Picture – Trevor Burrows
HACRO have been searching for inspirational stories about staying in contact with your children and keeping that bond while in prison and found Lewis’s story:
Lewis Hardy was struggling in prison, feeling isolated from his young family and increasingly “cold”. Then he was shown a way of doing something that many parents take for granted – reading to his children – and everything began to change.
Lewis Hardy had just been released from prison and was getting a taxi home to see his two sons for the first time in nine months, when he got the call he dreaded.
“What are you up to?” a familiar voice enquired.
“I’m just in a taxi to see my boys.”
“Don’t worry about that,” said his old friend. “See them tomorrow. Come to the pub with us lot.”
But Lewis knew exactly what to say.
“I ain’t ever going to the pub with ‘you lot’ ever again. My kids are more important.”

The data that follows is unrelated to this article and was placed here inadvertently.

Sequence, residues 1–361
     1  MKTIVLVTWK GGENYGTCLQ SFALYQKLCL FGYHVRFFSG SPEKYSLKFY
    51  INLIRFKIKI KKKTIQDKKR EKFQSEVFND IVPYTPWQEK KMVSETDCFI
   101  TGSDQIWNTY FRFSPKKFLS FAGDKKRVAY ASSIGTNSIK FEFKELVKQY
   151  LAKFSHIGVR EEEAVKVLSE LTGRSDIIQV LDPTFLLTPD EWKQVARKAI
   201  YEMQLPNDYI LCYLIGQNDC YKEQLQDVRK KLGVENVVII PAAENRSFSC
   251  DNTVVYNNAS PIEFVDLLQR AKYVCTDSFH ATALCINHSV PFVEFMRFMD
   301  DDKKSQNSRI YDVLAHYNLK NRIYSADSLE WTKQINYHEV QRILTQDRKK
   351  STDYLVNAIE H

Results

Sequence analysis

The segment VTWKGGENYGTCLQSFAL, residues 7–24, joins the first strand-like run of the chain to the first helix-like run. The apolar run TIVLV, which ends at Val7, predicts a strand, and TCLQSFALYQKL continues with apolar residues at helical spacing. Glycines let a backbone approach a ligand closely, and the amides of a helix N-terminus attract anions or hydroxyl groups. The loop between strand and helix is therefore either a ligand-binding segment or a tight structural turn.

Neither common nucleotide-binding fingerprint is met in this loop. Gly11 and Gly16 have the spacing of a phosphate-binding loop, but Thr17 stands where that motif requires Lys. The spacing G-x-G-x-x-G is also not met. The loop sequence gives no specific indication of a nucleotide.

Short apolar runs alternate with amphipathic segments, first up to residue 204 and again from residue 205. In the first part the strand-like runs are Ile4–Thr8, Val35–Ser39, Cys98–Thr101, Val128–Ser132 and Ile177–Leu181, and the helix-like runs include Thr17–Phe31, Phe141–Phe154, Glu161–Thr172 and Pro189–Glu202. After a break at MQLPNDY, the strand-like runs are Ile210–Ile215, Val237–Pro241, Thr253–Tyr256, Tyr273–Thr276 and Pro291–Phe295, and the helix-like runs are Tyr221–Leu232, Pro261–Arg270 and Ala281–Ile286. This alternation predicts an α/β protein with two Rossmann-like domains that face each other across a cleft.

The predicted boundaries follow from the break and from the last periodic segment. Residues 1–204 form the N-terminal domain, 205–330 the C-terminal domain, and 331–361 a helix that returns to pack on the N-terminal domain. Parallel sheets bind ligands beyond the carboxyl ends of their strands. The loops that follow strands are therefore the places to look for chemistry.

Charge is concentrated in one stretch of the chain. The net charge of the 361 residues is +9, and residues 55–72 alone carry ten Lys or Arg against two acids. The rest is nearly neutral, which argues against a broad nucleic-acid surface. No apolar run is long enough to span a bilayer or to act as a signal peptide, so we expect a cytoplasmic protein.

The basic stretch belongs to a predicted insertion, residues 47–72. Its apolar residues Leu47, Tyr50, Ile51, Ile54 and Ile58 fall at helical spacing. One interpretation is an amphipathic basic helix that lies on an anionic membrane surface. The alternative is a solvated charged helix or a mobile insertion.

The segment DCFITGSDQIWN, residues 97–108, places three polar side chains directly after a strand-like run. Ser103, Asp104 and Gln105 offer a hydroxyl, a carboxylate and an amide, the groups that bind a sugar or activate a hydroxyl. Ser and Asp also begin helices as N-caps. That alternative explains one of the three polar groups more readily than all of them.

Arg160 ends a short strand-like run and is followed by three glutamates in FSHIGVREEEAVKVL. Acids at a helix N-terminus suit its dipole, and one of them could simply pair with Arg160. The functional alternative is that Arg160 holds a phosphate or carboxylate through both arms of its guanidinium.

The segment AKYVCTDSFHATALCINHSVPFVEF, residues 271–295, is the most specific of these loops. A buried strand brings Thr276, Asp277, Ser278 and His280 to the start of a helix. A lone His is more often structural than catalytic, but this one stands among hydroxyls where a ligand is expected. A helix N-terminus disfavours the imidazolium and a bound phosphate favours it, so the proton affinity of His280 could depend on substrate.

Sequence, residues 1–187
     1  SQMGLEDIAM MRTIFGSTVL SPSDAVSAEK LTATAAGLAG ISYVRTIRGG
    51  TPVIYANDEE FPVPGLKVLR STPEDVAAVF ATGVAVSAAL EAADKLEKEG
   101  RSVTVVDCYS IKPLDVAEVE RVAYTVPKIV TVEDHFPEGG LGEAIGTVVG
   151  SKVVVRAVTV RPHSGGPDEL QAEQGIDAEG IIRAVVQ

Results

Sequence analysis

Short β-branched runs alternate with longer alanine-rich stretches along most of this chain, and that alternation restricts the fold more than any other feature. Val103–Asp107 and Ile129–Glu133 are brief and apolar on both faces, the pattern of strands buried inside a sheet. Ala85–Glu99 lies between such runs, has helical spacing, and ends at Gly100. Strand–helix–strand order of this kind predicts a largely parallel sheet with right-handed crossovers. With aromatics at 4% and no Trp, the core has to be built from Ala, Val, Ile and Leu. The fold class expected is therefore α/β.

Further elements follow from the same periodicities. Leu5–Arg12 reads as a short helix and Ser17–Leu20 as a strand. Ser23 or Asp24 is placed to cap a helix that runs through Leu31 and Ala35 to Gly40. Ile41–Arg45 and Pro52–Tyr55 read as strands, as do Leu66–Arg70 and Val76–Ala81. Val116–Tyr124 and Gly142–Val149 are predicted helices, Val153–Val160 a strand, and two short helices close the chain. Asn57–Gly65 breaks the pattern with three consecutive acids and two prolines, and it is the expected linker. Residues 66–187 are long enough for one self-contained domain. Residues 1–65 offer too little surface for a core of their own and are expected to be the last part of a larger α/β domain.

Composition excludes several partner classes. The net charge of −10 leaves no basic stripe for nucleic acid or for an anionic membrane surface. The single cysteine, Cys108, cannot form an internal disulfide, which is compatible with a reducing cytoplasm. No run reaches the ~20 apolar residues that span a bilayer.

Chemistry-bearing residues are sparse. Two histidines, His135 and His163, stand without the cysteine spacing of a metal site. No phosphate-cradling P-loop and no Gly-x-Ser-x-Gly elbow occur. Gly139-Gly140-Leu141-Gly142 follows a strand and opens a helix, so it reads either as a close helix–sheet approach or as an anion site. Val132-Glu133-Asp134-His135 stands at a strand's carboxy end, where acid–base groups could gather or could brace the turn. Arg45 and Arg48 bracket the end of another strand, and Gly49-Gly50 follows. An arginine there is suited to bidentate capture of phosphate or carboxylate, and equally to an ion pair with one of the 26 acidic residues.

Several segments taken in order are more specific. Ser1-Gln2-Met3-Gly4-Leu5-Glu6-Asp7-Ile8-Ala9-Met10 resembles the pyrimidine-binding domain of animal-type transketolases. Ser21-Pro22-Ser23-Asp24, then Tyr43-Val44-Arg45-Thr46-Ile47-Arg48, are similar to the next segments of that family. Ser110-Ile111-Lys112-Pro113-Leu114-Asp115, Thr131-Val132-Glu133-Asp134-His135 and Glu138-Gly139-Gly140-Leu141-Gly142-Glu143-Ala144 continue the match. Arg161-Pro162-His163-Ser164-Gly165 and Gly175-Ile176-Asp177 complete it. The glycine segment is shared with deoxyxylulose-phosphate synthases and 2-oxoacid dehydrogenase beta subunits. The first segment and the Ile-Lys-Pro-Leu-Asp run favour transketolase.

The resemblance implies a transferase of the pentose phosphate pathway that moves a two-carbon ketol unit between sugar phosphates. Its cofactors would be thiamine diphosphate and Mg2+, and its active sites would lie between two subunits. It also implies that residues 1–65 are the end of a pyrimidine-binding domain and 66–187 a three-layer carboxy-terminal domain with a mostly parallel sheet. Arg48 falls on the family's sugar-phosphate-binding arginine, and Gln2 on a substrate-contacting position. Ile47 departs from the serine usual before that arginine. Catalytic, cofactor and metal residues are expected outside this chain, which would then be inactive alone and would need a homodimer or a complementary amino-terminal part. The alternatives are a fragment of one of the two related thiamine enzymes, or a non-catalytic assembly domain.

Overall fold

Prisoners get a lot of time to think, Lewis says, and he’d figured out what was the right decision for him.
When he got home his sons, aged six and five, jumped up on him so fast he nearly fell over, he recalls.
He couldn’t wait to do so many things with them after such a long time apart.
But top of the list was reading to them.
It took a period in prison to remind Lewis of the joys of reading.
Born and bred in Plymouth, he’d got into a fight while drunk in 2013, and been sentenced to two years in Dartmoor for grievous bodily harm.
It was not out of character for him at the time, he admits – from an early age he had struggled to deal with his aggression.
But from the moment he was sent to a remand centre, he realised just how tough his new environment would be.